In the previous article, there were several readers in the comments who seemed surprised that I had studied the issue and concluded that morality is universal.
As I did my research, turned over a bunch of ideas in my mind and especially after I started practicing morality, I began to see ethics in a new light. While morality is universal or accessible to anyone, political correctness is the opposite. It is a diabolical creed that divides people, causes violence and social strife and pits groups against each other under the cloak of righteousness.
It’s not just Christian and Aristotelian morality that is universal. Science is also universal. The philosophy of the Enlightenment is universal. If you are Asian, there is no inherent reason why you can’t practice science. There is no inherent reason why you can’t appreciate European classical music and culture. While you can never become White, there is no reason why you can’t convert to Christianity.
Let’s start with Aristotelianism and Antiquity. We shall go with Aristotelianism because it had the greatest impact on Western Europe in the Middle Ages.
Is there a reason why anyone can’t practice the classical virtues? There are any number of YouTube channels that are full of great advice about nutrition and body building. Some of these YouTube channels are run by people who are non-White. While they are non-White, they are not wrong about the benefits to your health of practicing the virtue of temperance in your life.
A temperate person will avoid drunkenness, sugary foods and won’t be quick to anger. A temperate person will maintain a healthy diet, reflect upon what he or she is consuming and avoid abusing drugs. A temperate person will be physically active, not slothful. It goes without saying that practicing temperance cuts across racial lines because morality is not a racial issue. There are White people, black people, Asian people and Hispanic people who are temperate. Similarly, there are White people, black people, Asian people and Hispanic people who DO NOT practice temperance in their lives.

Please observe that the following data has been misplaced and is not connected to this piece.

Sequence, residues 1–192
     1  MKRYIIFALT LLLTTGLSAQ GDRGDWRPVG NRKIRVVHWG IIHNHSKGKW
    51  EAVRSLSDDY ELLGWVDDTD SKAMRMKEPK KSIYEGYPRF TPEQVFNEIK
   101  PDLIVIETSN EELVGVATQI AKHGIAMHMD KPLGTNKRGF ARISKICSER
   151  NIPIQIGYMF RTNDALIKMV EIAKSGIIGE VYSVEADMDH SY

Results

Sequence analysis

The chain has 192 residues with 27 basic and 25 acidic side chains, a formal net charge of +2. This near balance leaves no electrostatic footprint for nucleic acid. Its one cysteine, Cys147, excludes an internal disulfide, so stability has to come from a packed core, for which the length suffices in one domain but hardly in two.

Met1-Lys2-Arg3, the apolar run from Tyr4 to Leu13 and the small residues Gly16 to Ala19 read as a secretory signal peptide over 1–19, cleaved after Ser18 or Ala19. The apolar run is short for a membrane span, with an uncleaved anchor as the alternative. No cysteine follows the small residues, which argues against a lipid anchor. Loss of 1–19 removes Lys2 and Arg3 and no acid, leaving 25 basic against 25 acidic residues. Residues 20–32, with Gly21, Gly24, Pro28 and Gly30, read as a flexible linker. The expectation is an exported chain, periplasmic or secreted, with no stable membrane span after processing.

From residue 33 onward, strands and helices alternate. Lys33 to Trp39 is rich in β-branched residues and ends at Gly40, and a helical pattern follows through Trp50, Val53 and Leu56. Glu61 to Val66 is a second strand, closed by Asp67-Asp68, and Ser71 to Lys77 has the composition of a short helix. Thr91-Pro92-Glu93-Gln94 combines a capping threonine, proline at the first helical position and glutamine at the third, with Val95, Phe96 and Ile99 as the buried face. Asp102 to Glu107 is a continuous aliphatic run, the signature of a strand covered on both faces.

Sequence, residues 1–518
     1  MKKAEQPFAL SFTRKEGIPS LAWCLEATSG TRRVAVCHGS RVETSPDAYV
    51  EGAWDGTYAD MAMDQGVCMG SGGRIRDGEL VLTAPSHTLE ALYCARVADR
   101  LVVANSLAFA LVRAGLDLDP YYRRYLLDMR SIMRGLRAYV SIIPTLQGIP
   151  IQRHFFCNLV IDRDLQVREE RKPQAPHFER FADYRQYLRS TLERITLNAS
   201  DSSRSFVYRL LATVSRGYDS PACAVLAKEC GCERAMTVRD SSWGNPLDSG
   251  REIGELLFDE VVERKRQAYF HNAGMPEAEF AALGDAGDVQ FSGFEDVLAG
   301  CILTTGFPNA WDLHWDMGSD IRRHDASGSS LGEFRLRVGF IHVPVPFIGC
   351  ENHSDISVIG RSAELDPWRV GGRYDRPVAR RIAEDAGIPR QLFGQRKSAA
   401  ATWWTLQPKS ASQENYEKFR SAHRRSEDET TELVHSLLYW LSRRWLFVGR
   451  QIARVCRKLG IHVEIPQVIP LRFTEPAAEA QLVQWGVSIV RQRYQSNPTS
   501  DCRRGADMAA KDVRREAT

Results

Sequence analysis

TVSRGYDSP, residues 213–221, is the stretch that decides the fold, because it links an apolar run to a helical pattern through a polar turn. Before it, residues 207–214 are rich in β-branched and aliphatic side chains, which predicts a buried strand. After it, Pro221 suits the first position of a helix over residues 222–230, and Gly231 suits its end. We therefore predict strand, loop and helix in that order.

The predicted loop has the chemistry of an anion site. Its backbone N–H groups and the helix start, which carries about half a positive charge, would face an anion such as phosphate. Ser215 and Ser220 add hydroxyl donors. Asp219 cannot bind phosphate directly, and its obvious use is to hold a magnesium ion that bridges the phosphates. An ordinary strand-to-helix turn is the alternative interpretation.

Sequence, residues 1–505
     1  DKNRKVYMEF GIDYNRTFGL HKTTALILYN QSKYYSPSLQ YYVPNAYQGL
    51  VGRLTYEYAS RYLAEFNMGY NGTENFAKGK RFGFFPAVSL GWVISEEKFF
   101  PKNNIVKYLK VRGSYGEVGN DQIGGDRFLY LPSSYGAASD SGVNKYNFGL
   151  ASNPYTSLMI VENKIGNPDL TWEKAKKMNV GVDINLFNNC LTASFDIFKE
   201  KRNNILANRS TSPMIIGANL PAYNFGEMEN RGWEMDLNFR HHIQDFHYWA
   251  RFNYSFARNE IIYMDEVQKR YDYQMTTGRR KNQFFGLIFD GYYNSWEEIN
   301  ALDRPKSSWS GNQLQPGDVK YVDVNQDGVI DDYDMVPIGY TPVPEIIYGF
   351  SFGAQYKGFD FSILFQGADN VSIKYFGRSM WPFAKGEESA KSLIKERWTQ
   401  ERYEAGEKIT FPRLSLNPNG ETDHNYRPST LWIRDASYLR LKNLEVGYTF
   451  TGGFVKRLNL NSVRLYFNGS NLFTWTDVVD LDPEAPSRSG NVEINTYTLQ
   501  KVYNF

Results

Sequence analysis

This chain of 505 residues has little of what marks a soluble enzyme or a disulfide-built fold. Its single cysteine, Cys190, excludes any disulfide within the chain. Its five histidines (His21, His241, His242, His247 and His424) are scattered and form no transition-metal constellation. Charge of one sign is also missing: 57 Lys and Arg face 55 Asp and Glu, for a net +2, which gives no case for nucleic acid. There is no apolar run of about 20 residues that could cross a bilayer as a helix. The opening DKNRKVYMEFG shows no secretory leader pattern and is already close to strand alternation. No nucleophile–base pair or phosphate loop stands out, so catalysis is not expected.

An honest, straightforward person will always try to tell you the truth to the best of his ability. It isn’t a racial issue because morality cuts across racial lines. There are White people, black people, Asian people and Hispanic people who are honest. Similarly, there are White people, black people, Asian people and Hispanic people who mendacious, deceitful liars. There is no reason why anyone cannot practice honesty in their lives (veritas is the root of virtue) and become a better human being.
As Aristotle would have explained, potential and actual are two different things. As a human being, you have the potential to be a virtuous person, but you might actually be a vicious person. He would have said there is no such thing as moral equality because all individuals are virtuous or vicious in greater or lesser degrees and the same is true of peoples. There is one tribe of people in particular that comes to mind that enjoys a well deserved reputation for hypocrisy and mendacity.
As an “alt-right white supremacist” (take your pick from whatever absurd label journos are using), I would argue that courage is another virtue that anyone can practice. Courage is also a moral quality which is not a racial issue. There are White people, Hispanic people, Asian people, black people, Christians, even Muslims, who practice courage. Similarly, there are millions of White, Asian, Hispanic, black, Christian and Islamic cowards. The issue of courage and cowardice isn’t a racial one. It truly cuts across racial lines. As with all virtues, courage is a virtue which must be practiced or cultivated.
We can go through the whole list of Aristotelian virtues which he advocated practicing in a kind of moral gymnasium: prudence and justice, modesty, ambition, friendliness, generosity, highmindedness (a sense of honor, self worthiness) and so on. There is a lot of overlap with Plato in their assessment of the cardinal virtues. Aristotle identifies and talks about other goods as well like pleasure, wealth and honor. He doesn’t say they are necessarily bad. He only argues about their relative importance to eudaimonia or human flourishing and well-being. Everything that Aristotle describes as morality is at least something that could apply to everyone. Of course he explains that there are uncivilized brutes who are too dumb to realize this and who must be restrained. He wasn’t a modern day egalitarian.
What is our culture … cultivating in the 21st century? Is it cultivating any of these qualities to make our people into better citizens? Are they being taught to be kind people and courageous truth tellers with a temperate diet? Have you ever thought about it? I would argue that instead of virtue it is cultivating moral degeneracy, vicious behaviors as well as things that are outright Satanic like political correctness. We live in a culture which also outright suppresses and discourages virtue.